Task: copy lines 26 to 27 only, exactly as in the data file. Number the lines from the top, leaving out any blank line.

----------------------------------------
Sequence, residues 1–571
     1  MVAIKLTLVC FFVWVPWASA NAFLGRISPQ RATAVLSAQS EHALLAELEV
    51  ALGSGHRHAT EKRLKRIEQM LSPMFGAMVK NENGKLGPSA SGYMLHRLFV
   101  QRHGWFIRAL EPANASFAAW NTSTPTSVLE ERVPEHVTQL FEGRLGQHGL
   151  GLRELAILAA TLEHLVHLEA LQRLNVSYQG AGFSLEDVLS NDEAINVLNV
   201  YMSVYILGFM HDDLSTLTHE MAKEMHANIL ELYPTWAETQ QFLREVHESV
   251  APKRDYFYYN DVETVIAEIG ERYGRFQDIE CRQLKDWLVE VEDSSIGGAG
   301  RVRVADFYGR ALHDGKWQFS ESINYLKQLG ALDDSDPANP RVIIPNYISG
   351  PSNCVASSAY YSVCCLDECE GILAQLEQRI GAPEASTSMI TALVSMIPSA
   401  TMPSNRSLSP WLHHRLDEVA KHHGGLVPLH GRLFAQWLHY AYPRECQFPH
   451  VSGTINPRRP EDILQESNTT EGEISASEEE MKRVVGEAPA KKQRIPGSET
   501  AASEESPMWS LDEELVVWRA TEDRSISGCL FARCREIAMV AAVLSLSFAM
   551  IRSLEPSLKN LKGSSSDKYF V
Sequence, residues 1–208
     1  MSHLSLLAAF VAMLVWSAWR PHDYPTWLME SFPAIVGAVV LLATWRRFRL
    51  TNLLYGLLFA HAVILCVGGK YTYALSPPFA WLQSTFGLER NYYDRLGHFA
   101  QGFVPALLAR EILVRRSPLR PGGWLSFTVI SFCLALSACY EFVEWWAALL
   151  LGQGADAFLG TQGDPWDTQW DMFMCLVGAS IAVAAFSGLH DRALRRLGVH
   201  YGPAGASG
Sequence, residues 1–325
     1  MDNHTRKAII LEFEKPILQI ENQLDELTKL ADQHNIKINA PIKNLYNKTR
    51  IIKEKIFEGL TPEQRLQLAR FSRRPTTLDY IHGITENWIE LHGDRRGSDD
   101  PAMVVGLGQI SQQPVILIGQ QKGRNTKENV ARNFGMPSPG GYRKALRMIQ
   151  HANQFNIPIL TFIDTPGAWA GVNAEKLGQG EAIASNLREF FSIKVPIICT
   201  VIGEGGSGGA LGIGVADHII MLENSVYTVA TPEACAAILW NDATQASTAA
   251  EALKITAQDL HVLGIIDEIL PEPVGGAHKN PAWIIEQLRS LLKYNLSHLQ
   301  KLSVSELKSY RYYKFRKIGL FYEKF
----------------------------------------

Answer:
   251  EALKITAQDL HVLGIIDEIL PEPVGGAHKN PAWIIEQLRS LLKYNLSHLQ
   301  KLSVSELKSY RYYKFRKIGL FYEKF